Now Playing: "Star-Spangled Banner" as performed by Jimi Hendrix on the morning of 18 August 1969
Read this brief essay by Ken Ringle in tomorrow's Washington Post about Hurricane Camille. It's harrowing:
Yesterday morning the National Hurricane Center cleared its throat and upgraded Katrina to a Category 5 hurricane -- the designation for storms capable of truly catastrophic damage and deadliness. That, however, wasn't the center's most significant statement. The real news was the center's chilling declaration that, at 902 millibars of internal barometric pressure -- the lowest barometric pressure ever recorded in the Gulf of Mexico -- Katrina was "comparable in intensity to Hurricane Camille of 1969 . . . only larger."To give you some context, the Woodstock music festival was wrapping up the night Camille roared ashore near Pass Christian, Mississippi. And she was still raging through the Mississippi River Valley Monday morning, 18 August 1969, when Jimi Hendrix played to the few thousands near Bethel, New York who had not yet started home.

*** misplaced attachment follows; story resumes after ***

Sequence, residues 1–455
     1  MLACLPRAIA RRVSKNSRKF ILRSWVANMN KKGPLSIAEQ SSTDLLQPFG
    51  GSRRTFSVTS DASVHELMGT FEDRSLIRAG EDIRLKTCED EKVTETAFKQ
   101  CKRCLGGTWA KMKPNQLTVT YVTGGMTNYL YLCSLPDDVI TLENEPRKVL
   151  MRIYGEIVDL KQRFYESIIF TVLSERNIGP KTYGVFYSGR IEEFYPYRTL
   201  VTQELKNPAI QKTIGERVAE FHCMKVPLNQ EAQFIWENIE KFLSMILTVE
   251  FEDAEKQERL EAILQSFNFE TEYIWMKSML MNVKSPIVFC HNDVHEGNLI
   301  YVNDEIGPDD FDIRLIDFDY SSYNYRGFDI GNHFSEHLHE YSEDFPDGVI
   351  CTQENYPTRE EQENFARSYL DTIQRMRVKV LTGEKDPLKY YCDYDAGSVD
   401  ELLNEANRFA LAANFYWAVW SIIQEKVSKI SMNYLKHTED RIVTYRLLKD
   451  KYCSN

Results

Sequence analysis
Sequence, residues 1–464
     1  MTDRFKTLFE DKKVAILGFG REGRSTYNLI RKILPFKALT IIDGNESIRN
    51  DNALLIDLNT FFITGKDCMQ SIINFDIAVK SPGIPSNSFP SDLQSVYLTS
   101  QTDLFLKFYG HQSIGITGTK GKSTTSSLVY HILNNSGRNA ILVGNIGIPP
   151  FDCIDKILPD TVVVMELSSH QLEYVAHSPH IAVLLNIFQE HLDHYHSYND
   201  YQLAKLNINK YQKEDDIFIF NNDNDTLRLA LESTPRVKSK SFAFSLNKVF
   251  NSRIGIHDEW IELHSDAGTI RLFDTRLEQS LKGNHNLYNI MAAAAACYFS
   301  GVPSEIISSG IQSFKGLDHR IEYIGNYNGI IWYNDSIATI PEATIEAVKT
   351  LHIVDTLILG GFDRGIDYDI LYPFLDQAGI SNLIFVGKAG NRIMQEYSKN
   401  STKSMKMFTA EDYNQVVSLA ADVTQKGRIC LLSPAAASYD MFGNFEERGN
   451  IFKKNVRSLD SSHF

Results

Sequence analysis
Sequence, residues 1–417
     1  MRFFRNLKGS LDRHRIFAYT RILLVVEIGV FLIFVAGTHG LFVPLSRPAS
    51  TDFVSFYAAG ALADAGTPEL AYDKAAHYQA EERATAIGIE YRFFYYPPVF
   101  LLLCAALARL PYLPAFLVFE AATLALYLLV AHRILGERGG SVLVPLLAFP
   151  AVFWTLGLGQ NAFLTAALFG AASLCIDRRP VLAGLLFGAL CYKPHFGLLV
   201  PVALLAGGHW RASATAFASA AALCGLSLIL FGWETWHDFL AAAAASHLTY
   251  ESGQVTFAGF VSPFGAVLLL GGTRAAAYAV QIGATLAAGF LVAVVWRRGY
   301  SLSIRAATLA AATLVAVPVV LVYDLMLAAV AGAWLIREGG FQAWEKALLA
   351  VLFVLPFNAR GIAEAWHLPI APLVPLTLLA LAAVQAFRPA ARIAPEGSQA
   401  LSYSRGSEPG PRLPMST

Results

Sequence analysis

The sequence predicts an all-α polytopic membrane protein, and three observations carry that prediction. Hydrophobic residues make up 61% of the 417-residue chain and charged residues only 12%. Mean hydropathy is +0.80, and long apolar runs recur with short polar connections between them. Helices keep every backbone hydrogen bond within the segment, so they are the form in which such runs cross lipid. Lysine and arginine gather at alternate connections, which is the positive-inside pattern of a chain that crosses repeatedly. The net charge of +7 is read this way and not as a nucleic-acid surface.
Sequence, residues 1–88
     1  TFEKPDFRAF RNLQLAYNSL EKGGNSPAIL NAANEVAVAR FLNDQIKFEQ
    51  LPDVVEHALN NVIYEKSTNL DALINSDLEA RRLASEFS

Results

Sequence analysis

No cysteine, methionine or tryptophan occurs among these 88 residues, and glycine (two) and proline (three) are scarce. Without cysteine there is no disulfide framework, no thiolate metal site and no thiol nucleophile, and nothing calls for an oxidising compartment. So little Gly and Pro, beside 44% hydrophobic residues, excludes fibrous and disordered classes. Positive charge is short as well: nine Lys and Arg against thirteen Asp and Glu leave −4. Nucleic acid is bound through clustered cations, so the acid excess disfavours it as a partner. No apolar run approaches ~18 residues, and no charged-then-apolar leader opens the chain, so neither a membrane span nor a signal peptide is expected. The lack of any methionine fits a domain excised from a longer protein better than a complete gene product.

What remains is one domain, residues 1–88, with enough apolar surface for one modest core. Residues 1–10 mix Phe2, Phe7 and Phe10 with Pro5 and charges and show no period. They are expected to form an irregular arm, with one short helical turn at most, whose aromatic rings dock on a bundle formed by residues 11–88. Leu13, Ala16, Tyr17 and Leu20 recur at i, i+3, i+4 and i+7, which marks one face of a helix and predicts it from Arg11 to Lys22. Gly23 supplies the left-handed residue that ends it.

Those of us who lived though Hurricane Camille will never forget it. Camille struck with the force of several hydrogen bombs, altering forever the topography of the Mississippi coast. Its nearly 200-mph winds and 25-foot storm surge exploded concrete buildings and erased entire communities -- then gouged open graveyards and hung corpses in the live oaks like so much Spanish moss. There was a problem for a time telling the storm victims from those already embalmed.
About 48 hours later ---out in the West Texas town of El Paso--- this writer was born.
I guess this is another one of those once-in-a-generation things.
I could sure use a cigarette.